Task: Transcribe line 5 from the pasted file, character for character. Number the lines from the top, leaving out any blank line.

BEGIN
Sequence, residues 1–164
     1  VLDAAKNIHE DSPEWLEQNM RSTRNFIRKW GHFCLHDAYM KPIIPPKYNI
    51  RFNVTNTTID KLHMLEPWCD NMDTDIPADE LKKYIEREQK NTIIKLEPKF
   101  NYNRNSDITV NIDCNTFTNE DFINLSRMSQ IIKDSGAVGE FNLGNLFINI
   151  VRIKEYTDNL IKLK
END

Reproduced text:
   151  VRIKEYTDNL IKLK